The World Food program says the humanitarian situation in Zimbabwe has improved because of the start of the annual harvest. It says Zimbabwe's decision to peg its currency to the U.S. dollar and the South African rand also has made more food available in the markets.
Most people in Zimbabwe live in rural areas. They are dependent on the maize crop for subsistence. So, the World Food Program says the start of the annual harvest season in Zimbabwe always puts more food on the table.
In another bit of good news, WFP says more food is now available in shops in urban areas for people who are able to buy these products with foreign currency.
However, it says people who do not have dollars or other foreign money will continue to struggle to buy food. It says they also will find it difficult to have access to basic services such as health, education, water and electricity.
WFP's public information officer for southern Africa, Richard Lee, says this causes concern. But, in a telephone interview from Johannesburg, Lee tells VOA, this is a good time of year for people who normally go hungry because more food is available in both the fields and in the shops.
"However, we are likely to have a poor harvest this year," he said. "We still do not know exactly how poor it will be. But, it is likely to be poor. And, that means that people will start running short of food, particularly in the worst hit rural areas in the months to come. And, we will, unfortunately, need another large-scale humanitarian operation in Zimbabwe as we go through 2009 and into early 2010."
WFP's large-scale feeding program ran until the end of March. The U.N. agency fed around five million people throughout the country.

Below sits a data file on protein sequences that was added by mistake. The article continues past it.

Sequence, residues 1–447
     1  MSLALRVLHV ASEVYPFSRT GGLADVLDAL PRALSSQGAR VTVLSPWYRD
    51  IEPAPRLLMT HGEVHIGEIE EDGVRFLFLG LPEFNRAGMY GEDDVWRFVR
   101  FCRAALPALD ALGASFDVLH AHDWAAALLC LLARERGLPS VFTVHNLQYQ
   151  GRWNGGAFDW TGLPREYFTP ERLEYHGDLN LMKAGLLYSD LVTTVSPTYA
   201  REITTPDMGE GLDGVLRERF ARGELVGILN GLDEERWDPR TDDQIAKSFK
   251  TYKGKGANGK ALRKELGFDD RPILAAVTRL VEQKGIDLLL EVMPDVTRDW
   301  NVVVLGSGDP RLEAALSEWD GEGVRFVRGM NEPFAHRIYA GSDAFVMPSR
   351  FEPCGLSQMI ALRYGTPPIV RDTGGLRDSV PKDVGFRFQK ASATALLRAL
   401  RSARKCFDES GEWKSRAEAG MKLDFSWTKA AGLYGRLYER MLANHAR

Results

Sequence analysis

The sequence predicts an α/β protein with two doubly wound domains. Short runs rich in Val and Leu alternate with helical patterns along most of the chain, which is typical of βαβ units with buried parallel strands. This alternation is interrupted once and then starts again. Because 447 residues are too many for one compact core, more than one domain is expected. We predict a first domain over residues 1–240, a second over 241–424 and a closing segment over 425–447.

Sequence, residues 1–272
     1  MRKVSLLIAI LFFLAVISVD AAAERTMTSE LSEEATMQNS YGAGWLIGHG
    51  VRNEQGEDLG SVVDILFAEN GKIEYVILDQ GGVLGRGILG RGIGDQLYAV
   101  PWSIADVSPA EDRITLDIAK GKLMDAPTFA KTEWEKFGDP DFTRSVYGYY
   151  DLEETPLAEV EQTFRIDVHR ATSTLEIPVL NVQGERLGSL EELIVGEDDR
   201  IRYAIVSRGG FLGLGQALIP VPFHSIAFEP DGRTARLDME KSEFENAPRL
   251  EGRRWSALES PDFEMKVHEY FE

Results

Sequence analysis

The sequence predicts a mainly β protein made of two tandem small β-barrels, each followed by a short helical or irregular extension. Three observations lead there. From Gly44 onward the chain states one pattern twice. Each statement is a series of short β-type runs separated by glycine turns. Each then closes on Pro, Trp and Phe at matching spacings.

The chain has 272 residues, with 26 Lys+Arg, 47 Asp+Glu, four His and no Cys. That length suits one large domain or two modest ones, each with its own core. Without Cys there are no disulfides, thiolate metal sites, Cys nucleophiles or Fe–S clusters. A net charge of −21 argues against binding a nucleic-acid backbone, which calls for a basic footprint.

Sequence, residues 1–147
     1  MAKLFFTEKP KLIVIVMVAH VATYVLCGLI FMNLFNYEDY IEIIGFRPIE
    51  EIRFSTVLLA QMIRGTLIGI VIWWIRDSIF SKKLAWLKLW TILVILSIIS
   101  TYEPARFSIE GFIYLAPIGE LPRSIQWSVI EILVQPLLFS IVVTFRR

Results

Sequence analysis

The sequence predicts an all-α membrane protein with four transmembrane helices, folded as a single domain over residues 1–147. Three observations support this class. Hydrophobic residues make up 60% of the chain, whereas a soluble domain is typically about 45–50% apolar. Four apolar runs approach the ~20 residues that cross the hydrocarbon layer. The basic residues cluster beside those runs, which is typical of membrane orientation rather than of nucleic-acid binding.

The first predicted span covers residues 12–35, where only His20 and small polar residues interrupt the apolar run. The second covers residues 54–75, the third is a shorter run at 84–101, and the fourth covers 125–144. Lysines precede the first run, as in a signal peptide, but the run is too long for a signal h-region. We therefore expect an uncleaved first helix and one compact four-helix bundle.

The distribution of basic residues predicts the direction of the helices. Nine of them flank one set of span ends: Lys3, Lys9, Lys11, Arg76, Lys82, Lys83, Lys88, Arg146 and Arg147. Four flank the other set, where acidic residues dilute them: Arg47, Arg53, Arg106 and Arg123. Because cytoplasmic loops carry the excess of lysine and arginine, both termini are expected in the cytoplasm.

Lee says January, February and March are typically the leanest months of the year. He says WFP scales up its food distributions at this time of year to meet the increased needs and closes down most of its operations during the bountiful harvest period.
"We have not ceased all food assistance operations in Zimbabwe," he said. "We are still aiming to reach 600,000 people across the country, who are social safety net programs. And, those beneficiaries are the most chronically vulnerable people affected by HIV/AIDS. They are orphans. They are very vulnerable children in school. So, we are still distributing food. It is just that we are not distributing to as many people as we were back in March."
Lee says WFP's food assistance program was greatly needed during the height of Zimbabwe's cholera epidemic. He notes malnourished people are most at risk of getting sick.
The United Nations reports more than 4,000 people have died from cholera and the total number of cholera cases has risen to more than 95,000.
Lee says the worst of the cholera epidemic is thankfully over. He says WFP provided small amounts of food assistance to cholera centers in March, but none so far in April because most treatment centers are closing down.